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Business in brief: Toyota seeking to consolidate cases

San Diego – Attorneys for Toyota Motor Corp. and people suing the Japanese automaker over sudden acceleration problems urged a federal panel Thursday to consolidate more than 200 lawsuits before a single judge, with Los Angeles federal court emerging as the favored venue.

Toyota’s lead lawyer, Cari Dawson, of Atlanta, told the U.S. Judicial Panel on Multidistrict Litigation that the company favors combining all personal injury and wrongful death cases before the California court, along with all potential class-action lawsuits filed by Toyota owners who claim safety recalls caused the vehicles to lose value.

Los Angeles is close to Toyota’s U.S. headquarters in Torrance, where many key documents and witnesses crucial for all the cases are located, Dawson noted.

“All these cases have common issues. There will be significant overlap,” Dawson told the judges. “The Central District of California is uniquely qualified.”

Associated Press

Seattle’s tallest plagued by vacancies

Seattle – The owner of the Northwest’s tallest building, the 76-story Columbia Center, missed a mortgage payment this month, providing fresh evidence of the troubles facing downtown Seattle office landlords.

Boston-based Beacon Capital Partners failed to make a scheduled payment of $1.65 million on a $380 million loan it took out when it bought the tower three years ago, according to a recent report by Wells Fargo Bank, which administers the debt.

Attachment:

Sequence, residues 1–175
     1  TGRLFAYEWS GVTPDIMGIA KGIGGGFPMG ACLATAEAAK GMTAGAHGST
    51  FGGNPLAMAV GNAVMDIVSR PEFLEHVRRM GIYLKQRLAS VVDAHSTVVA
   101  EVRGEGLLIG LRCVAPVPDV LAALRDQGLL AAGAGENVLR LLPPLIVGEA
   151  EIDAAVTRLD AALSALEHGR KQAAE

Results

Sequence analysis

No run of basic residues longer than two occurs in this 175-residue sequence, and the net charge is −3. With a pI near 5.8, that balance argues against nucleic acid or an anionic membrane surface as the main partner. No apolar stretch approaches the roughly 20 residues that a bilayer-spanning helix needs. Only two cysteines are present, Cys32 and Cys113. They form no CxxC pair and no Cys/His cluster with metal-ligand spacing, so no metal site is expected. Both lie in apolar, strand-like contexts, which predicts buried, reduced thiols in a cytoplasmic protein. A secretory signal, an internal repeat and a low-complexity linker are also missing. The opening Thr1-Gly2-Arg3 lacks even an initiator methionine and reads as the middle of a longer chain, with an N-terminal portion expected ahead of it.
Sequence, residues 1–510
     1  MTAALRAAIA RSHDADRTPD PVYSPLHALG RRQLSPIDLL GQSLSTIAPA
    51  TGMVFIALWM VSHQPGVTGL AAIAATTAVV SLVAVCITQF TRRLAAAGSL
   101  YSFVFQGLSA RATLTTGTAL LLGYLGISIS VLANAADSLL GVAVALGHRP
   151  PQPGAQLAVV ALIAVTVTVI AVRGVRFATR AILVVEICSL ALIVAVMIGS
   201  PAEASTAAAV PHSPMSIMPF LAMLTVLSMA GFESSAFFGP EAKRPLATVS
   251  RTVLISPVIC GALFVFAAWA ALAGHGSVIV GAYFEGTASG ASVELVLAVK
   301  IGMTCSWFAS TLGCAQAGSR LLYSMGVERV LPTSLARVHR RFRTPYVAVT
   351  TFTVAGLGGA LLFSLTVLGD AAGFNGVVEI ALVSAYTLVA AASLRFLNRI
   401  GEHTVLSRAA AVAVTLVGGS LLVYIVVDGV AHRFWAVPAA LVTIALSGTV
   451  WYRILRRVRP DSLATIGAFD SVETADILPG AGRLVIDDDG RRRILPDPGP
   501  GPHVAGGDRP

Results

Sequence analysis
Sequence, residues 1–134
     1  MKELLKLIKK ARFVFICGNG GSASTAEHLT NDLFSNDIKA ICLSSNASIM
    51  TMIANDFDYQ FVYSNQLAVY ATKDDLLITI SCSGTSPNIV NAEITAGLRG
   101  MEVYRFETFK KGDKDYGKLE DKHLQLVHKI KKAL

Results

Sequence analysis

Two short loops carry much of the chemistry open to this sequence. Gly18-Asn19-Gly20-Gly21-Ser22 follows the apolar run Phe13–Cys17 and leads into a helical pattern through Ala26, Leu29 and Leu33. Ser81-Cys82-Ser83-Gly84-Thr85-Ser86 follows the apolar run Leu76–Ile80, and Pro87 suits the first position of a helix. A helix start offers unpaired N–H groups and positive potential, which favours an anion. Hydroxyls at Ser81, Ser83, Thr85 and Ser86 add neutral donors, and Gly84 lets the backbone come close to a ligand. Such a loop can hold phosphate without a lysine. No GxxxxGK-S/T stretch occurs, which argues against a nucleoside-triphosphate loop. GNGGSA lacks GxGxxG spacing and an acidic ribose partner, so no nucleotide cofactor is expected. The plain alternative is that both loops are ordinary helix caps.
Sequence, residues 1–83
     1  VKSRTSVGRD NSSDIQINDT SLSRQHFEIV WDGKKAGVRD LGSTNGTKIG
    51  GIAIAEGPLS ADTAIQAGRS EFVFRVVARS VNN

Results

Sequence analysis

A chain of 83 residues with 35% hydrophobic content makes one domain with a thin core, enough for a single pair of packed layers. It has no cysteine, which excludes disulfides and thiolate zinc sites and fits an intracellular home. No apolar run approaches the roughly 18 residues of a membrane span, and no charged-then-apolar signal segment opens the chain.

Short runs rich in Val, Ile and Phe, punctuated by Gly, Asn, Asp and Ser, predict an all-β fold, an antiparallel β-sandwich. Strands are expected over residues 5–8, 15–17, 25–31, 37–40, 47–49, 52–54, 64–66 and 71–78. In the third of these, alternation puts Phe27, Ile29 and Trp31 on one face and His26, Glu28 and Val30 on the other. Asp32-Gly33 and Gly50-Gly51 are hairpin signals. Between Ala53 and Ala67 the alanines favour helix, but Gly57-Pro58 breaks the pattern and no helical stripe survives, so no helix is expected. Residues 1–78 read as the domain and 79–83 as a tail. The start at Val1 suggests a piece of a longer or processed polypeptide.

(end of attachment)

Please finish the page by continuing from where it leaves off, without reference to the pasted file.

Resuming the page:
The loan faces “imminent default due to cash flow issues,” says a note in the report.

The 1.5-million-square-foot Columbia Center appears to have been especially hard hit by the recession, which has pushed rents down and vacancies up all over downtown.

Downtown Seattle’s overall vacancy rate is at or above 20 percent, according to brokerage reports. At the Columbia Center, however, almost 600,000 square feet – nearly 40 percent of the building – is listed as “available” on online commercial real-estate database

Seattle Times

Mortgage rates stay just under 5 percent

McLean, Va. – Mortgage rates moved slightly higher but remained just below 5 percent this week, as a Federal Reserve program that has maintained rates near record lows prepares to end.

The average rate on a 30-year fixed-rate mortgage inched up to 4.99 percent this week from 4.96 percent last week, mortgage finance company Freddie Mac said Thursday.

This week, the average rate on a 15-year fixed-rate mortgage was 4.34 percent, up a bit from 4.33 percent last week, according to Freddie Mac.

Associated Press

Subway adding breakfast menu

Chicago – Subway is joining the breakfast scramble in a move that the sandwich chain hopes will help add customers and sales.

After years of testing, almost all of Subway’s 23,000 U.S. restaurants will begin selling the meal April 5.

The new menu, which is already being served in some cities around the country and throughout Canada, sticks with Subway’s sandwich specialty.

Featuring customizable “omelet sandwiches,” the options include a combination of eggs or egg whites, cheese, ham, bacon, steak, sausage, peppers and onions in addition to Subway’s other sandwich toppings.

The items will be served on English muffins, flatbread or the restaurant company’s traditional sub rolls.

Associated Press


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Kim Jong Un says Koreas are on starting line of a new history

UPDATED: 9:53 p.m.

updated  With a single step over a weathered, cracked slab of concrete, North Korean leader Kim Jong Un made history Friday by crossing over the world’s most heavily armed border to greet South Korean President Moon Jae-in for talks on North Korea’s nuclear weapons. Kim then invited Moon to cross briefly back into the north with him before they returned to the southern side.